Board of Supervisors approve Transient Occupancy Tax increase ballot measure

File photo by Jayson Mellom
TWO PERCENT: Hotels, motels and short-term rentals in the unincorporated parts of Santa Barbara County, like the Skyview Los Alamos hotel, may see an increase in transient occupancy tax if voters approve the 2 percent increase during the November 2024 general election.

Despite some residents’ concerns about increased taxes, impacts to the tourism industry, and multiple tax measures going before voters, the Santa Barbara County Board of Supervisors voted 4-1 (with 4th District Supervisor Bob Nelson Dissenting) to put a Transient Occupancy Tax increase on the November 2024 general election ballot. 

“I really want to continue to invest in this community to make it the place people are drawn to, and unfortunately that does cost money,” 5th District Supervisor Steve Lavagnino said. “I apologize for the timing, but we are on a path where sales tax would provide the necessary funding.” 

Transient occupancy tax (TOT) is a tax generated by visitors who pay the rate when staying at hotels, motels, or short-term rental properties for 30 days or less within the unincorporated areas of the county—which have 24 hotels and 520 short-term rentals, according to the staff report. Voters approved the county’s current 12 percent TOT during the November 2016 general election—a 2 percent increase from the previous 10 percent rate, which had been held since 1990.  

Now the county is proposing an additional 2 percent increase (14 percent)—which would bring Santa Barbara County to the same rates as Beverly Hills, Los Angeles, Oakland, and San Francisco—in order to help the county generate more discretionary revenue, according to the staff report. Solvang and Buellton will also be proposing a 2 percent TOT increase to bring their rates to 14 percent, and Carpinteria is proposing an increase to bring its TOT to 15 percent. 

After the board’s approval, staff will come back with ballot language on July 9. While the TOT only applies to hotels in the unincorporated areas, the measure will need a simple majority of all county voters, according to the staff report. 

“Because it’s on a TOT, it’s general, discretionary revenue, it could be spent anywhere in the county, not just the unincorporated area,” CEO Mona Miyasato told the supervisors. 

During the April budget workshops, staff reported that the county is facing budget revenue growth outpaced by increased salaries, employee benefits, and internal services along with continued storm recovery costs; new legislative changes for public safety, health, and behavioral health services; and ongoing litigation, according to the staff report. The 2 percent increase to TOT presents an estimated $2.9 million increase in revenue, totaling $20.6 million.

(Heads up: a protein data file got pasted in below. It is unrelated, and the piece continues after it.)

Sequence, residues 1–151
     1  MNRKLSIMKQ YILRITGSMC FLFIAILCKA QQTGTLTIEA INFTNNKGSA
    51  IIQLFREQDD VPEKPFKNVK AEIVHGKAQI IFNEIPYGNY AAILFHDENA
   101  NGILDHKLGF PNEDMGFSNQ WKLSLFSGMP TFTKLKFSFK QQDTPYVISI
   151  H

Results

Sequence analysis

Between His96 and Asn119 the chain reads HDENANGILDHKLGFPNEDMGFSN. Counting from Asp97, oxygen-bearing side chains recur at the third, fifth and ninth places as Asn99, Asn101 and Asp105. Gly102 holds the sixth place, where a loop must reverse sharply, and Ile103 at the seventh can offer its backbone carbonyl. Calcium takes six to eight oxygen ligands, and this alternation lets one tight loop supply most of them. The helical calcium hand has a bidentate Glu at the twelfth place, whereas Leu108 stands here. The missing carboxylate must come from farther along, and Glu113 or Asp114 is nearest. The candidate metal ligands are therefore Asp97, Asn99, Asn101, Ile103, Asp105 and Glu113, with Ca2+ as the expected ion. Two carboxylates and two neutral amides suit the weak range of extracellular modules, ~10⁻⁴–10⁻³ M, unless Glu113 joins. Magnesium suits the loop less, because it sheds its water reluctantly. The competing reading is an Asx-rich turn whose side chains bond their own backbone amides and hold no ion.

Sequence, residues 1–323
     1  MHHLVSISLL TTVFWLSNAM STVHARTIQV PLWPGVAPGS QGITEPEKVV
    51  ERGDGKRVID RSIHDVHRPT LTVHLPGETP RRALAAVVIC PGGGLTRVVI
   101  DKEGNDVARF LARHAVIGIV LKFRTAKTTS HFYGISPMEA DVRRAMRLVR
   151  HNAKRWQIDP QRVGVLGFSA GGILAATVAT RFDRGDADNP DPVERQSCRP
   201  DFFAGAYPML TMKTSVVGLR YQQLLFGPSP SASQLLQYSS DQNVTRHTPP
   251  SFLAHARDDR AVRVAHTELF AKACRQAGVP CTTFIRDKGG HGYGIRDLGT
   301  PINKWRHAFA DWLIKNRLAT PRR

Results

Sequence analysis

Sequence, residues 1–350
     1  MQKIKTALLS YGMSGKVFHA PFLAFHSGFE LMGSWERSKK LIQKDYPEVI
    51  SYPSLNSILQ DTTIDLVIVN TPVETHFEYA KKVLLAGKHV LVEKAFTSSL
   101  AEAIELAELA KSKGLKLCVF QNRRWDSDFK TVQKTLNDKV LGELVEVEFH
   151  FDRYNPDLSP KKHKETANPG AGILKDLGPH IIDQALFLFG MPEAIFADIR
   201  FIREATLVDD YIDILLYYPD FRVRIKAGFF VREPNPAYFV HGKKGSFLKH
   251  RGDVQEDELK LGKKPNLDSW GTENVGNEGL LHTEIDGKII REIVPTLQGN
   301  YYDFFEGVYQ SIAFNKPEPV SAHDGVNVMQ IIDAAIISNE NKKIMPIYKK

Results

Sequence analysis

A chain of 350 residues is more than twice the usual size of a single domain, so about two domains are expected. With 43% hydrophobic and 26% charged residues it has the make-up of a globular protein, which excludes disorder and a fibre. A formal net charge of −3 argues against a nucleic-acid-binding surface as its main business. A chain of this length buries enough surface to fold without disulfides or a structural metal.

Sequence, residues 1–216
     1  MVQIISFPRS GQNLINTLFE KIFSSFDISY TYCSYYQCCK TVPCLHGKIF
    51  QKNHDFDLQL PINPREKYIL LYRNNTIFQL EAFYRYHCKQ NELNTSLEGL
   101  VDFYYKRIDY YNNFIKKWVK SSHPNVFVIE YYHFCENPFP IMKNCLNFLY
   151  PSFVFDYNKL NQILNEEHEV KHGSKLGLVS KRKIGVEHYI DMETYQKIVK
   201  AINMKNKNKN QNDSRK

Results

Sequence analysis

While the additional funds would help, Supervisor Nelson voted against adding the measure because he believes that there are other avenues the county could go down in order to generate revenue, he said. 

 “Looking at … all of the services we have to offer and limited discretionary funds the county has, it is daunting, and I don’t disagree that there’s a problem where there are more needs and wants than there are resources, I just disagree with the solution,” Nelson said. “More taxes doesn’t necessarily mean more revenue.” 

According to a letter signed by 109 regional business leaders, this increase would make the county’s TOT the most expensive on the Central Coast, with Ventura County at 8 percent, SLO County at 9 percent, and Monterey County at 10.5 percent, putting Santa Barbara County at a competitive disadvantage. 

“I know there’s some that think 2 percent is not that bad, … but the message I’ve gotten from the business community is they are concerned, especially as the economy has gotten a little weaker,” Nelson added. “The tourism industry, hotels that struggle to pay employees a living wage—at some point the cost, and total costs, there’s only so much the consumer can tolerate.” 

Nelson said he wanted to see the county reform its planning and approval process to move projects more efficiently and quickly through the county’s system—including projects that have the potential to create TOT like the agricultural enterprise ordinance, the recreation master plan, and the Biltmore Hotel renovation project in Montecito. 

Second District Supervisor Laura Capps said that she was also invested in seeing these projects come to fruition, but the additional funding was needed to continue momentum on programs that address other county issues like homelessness and maintaining county employee salaries and services. 

“We’re good this year, but we are looking at a really tough outlook,” she said. “It’s a challenge to balance priorities, to keep momentum on homelessness and cleaning things up and also doing right by the businesses.”  

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